Benjamin followed the footsteps of others to engage more in the age of enlightenment. The knowledge was necessary and drawn from the natural world, and science would provide a means for understanding. Franklin was confident in the ability to reason, overcome challenges, and a pathway to knowledge. People began to rely upon rationale and reason as a means to believe (Hand, 2014). Franklin provided an overview geared toward the necessary educational skills to learn and do. He suggested the English language rather than classic languages to allow people to converse better and conduct business (Holmquist, 2016). Education is not something you have to acquire; it’s something you want to do. Education is an active, ongoing vocation rather than a passive, limited training process.

Learning

Benjamin had little chance to learn in a formal setting, and most of what he learned he picked up as he went along through life. People learn by the doing approach that allows room for one to fail and proved successful (Hand, 2012). This approach provided Franklin success through failure and success. Franklin Instruction and teaching should be done by whoever is available, although understanding each person's learns style differs. During the Revolution, intellectual figures were of sound moral judgment and identified as clergymen, politicians, and academia. Franklin felt the life experience was the best teacher and provided advice through his published work (Hand, 2012).

Franklin felt strongly about the experience as a learning method through his exploration of many areas of study. He developed his curriculum, published a pamphlet titled "Proposals Relating to the Education of Youth in Pennsylvania," and provided ideas that led to the University of Pennsylvania's creation (Hand, 2012). Benjamin had progressive plans for the school. The creation he started as a vision has been seen throughout our education system today in various colleges and universities.

The academic grounds required student housing surrounded by meadows and orchards. Peace and tranquility aided in the learning process. Also, there was a liberal expenditure on maps, books, and scientific apparatus to interest the students in learning. He recommended temperate diets to ensure student health, including running, leaping, wrestling, and swimming (Blinderman, 1976). Today the areas are found on campuses across the nation.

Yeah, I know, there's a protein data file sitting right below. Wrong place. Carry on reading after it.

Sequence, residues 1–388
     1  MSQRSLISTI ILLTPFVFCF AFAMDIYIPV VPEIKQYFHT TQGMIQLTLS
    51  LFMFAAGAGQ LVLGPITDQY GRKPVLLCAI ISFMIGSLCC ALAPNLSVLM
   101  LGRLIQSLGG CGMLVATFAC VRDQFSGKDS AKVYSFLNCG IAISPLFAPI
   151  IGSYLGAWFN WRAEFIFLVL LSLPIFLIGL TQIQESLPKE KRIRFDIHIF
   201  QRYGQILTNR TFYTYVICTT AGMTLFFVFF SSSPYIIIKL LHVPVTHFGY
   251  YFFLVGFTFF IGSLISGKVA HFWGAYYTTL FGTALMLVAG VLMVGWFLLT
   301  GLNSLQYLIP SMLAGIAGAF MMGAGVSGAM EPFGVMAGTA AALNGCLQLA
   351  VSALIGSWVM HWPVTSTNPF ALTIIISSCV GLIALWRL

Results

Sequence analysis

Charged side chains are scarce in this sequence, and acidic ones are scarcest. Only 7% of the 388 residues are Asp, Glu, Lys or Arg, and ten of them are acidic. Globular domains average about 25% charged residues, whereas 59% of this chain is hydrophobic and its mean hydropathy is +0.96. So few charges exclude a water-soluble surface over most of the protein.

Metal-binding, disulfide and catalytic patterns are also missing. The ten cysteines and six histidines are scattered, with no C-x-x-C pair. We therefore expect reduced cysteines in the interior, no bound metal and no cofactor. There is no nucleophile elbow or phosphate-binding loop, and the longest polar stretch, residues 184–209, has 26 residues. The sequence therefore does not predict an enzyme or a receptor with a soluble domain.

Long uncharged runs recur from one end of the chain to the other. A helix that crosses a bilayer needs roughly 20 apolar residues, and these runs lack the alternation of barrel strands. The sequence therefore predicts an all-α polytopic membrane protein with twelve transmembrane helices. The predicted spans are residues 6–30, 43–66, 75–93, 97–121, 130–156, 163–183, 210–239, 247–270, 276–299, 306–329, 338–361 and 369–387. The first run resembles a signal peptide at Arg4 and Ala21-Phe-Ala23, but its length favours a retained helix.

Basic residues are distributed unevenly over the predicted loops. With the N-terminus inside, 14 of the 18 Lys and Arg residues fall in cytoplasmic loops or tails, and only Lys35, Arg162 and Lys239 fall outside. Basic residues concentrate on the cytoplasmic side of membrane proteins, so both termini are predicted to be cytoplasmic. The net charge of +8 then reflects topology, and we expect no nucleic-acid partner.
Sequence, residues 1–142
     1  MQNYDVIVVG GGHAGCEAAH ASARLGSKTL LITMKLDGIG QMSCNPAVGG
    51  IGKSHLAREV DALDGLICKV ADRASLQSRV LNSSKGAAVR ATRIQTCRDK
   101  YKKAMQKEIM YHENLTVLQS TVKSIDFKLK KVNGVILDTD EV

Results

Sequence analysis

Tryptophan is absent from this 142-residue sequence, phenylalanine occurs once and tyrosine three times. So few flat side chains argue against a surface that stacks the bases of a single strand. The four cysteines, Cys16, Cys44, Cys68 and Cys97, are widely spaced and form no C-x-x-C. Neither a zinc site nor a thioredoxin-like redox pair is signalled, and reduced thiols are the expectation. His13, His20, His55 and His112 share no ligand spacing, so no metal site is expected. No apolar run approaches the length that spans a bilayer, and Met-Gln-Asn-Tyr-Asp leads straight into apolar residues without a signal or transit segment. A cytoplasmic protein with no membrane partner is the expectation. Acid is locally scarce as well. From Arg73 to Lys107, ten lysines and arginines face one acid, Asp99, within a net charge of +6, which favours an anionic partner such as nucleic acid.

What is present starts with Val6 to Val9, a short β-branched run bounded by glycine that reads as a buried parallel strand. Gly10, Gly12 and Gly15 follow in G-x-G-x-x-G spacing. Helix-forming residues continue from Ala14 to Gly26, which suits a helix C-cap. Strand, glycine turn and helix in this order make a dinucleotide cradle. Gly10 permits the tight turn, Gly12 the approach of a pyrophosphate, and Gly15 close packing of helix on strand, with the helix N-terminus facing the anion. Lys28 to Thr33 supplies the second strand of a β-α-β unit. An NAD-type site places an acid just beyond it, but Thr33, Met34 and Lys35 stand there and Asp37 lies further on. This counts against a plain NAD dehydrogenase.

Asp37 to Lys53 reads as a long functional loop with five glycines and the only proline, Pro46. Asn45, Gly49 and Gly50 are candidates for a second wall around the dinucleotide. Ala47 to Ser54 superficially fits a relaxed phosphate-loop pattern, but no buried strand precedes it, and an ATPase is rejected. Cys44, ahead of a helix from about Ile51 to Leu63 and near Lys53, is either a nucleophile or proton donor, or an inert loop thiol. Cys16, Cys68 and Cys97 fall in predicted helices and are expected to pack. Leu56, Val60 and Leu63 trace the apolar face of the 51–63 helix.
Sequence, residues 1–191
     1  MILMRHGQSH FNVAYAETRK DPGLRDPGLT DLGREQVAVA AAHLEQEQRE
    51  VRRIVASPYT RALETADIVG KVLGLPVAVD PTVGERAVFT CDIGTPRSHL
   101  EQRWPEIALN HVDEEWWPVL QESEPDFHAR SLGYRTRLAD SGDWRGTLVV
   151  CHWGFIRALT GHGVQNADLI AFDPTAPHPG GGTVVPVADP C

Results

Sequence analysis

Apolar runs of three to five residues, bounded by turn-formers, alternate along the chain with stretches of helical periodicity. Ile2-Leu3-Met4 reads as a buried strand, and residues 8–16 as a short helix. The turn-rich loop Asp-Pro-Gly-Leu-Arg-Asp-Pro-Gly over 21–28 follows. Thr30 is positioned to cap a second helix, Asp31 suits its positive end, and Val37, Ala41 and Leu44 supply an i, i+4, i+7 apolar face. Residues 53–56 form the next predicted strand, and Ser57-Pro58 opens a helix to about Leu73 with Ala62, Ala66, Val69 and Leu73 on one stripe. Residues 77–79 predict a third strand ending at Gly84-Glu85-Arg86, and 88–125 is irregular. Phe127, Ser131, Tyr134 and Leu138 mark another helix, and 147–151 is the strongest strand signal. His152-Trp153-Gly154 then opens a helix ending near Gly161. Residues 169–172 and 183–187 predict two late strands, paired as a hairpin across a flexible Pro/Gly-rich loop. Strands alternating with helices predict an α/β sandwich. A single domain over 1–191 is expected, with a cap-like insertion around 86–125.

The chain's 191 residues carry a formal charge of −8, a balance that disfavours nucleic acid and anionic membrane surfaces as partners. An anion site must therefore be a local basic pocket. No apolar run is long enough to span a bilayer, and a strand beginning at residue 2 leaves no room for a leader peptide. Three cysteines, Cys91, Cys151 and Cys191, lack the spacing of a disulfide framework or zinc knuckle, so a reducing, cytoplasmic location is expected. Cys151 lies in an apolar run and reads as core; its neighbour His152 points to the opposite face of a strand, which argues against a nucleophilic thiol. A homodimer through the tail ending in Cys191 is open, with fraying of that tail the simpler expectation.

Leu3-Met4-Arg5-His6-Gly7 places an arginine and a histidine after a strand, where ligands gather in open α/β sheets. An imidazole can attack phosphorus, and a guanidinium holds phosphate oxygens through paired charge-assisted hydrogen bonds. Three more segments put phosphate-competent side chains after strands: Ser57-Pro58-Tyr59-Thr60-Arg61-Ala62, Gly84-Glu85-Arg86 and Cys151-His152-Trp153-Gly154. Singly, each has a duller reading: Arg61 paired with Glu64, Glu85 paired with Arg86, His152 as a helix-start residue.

Knowledge and Learning

Knowledge and Learning

Conclusion

During the early years, Benjamin Franklin was curious, diligent, and successful in understanding how people learn. Through his own experience, the old education was deemed useless, and he recommended the teachings of moral science. Perhaps no other man of the founding period contributed to our education system. As the founder of libraries, schools, and learned societies, Franklin contributed to American education. Through contributions, he perceived the need for adult education and identified as one of the American library system's fathers. He remained a significant promoter of the more informal means of learning. Perhaps the adult education movement in our nation stemmed from Franklin as people learned for the sake of learning.

References

Comments

Silas Still (author) from Baltimore, MD on February 24, 2021:

Thank you Umesh. I admire Benjamin Franklin as an educator. Knowledge is the one investment that keeps paying dividends - Benjamin Franklin

Umesh Chandra Bhatt from Kharghar, Navi Mumbai, India on February 24, 2021:

Nice hub. Thanks.